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Forest resource & LiDAR

Recent developments in LiDAR technology, combined to other available data sources (aerial photographs, aerial photo series by UAVs,…), are now allowing a precise mapping of mountain forest resource volumes and qualities. Integrating this technology will provide an innovative response to the challenges of a precise and robust knowledge on the available growing stocks. The project aims at testing and developping tools that will help forestry end-users to benefit from this technological advance.

Forest accessibility

After the identification of forest resources, the second step of an efficient forest management is to evaluate the accessibility of these resources. In mountain areas, topography is the main constraint to a technical and economically efficient harvesting. The project will demonstrate how to use topographic LiDAR data in geographic information systems (GIS) for an optimal planning of forest harvesting and logging while taking current and scheduled accessibility of forest resources into account.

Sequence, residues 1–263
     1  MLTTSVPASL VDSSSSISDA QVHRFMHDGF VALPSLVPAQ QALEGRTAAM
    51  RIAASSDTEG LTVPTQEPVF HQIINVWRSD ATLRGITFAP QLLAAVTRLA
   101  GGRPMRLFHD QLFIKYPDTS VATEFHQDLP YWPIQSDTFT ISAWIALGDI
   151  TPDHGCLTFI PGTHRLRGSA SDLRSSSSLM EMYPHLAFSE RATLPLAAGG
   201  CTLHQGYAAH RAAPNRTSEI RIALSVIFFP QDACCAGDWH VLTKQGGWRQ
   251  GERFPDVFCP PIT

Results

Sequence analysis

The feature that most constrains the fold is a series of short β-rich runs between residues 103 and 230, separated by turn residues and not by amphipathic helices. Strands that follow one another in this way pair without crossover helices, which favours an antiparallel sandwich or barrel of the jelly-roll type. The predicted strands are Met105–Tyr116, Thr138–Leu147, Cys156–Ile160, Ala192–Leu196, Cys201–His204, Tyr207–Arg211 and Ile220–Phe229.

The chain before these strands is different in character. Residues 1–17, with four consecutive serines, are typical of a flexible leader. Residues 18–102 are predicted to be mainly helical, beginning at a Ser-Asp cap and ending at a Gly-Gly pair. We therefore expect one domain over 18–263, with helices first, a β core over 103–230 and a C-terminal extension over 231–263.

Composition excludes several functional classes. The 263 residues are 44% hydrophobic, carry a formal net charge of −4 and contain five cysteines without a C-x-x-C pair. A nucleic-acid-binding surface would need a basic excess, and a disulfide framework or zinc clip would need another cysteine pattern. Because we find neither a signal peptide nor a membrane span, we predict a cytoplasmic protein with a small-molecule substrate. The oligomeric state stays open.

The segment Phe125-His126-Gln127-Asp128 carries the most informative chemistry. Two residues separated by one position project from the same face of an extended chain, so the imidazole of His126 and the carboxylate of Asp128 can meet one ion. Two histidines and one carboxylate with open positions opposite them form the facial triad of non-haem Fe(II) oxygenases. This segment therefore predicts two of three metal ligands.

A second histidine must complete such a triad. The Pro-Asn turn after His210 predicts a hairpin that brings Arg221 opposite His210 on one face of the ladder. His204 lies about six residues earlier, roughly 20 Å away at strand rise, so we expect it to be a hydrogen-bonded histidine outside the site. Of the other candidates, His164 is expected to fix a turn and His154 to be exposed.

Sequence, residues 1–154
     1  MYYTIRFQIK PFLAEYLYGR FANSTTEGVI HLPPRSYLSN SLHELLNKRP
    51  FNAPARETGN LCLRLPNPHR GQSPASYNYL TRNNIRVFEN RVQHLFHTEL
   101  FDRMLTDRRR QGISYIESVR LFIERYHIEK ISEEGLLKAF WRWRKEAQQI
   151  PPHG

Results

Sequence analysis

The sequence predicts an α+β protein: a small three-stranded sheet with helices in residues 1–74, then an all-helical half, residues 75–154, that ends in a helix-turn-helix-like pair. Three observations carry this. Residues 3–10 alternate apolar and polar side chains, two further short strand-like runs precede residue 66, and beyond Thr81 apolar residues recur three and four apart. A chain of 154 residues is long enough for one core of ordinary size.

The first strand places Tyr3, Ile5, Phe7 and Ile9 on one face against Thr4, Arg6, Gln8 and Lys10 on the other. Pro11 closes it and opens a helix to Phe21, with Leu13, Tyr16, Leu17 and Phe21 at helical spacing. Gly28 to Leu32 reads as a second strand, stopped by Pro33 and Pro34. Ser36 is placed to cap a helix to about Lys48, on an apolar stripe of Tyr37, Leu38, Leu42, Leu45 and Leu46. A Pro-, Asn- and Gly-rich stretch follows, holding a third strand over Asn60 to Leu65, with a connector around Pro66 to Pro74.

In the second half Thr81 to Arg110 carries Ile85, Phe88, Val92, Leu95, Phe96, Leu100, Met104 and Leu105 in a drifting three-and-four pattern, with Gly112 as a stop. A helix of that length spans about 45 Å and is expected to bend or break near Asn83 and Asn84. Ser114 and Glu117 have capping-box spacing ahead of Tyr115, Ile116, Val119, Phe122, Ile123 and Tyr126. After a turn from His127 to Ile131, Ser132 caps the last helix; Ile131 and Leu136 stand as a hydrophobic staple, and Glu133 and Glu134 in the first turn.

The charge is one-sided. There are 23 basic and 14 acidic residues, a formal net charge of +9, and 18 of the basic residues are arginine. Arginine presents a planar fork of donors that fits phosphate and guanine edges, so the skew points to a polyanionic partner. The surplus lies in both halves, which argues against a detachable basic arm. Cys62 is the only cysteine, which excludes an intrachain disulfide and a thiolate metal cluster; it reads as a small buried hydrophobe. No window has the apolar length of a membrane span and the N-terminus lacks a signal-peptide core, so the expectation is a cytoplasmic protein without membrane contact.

Forest and industry connectivity

Once the forest resources and accessibility are characterized, then remains the issue of the connectivity between wood piles in the forests and wood yard of mills. This link is often neglected but is crucial for a comprehensive assessment of the wood supply efficiency.

Costs and benefits evaluation

NEWFOR aims at developping decision-making tools dedicated to the definition of strategies for sustainable mountain wood supply chain. To fulfil this objective, tools for identifying forest resources, their accessibility and connectivity to the wood market are first considered separately. In order to achieve the demarche, and to choose the optimal strategy, it is necessary to evaluate the whole workflow from the economical aspect by comparing the costs and benefits of each possible strategy.

Logistical planning strategy

There is a need to frequently adjust the planning of forest management to new economical evidence as well as to unforeseeable developments. Such an adaptive management needs to balance ecological, social and economic factors. The final objective is to provide forest managers and decision makers with reliable information for the evaluation of technical and economical conditions for their decision-making on timber supply chain logistical planning and land use strategies.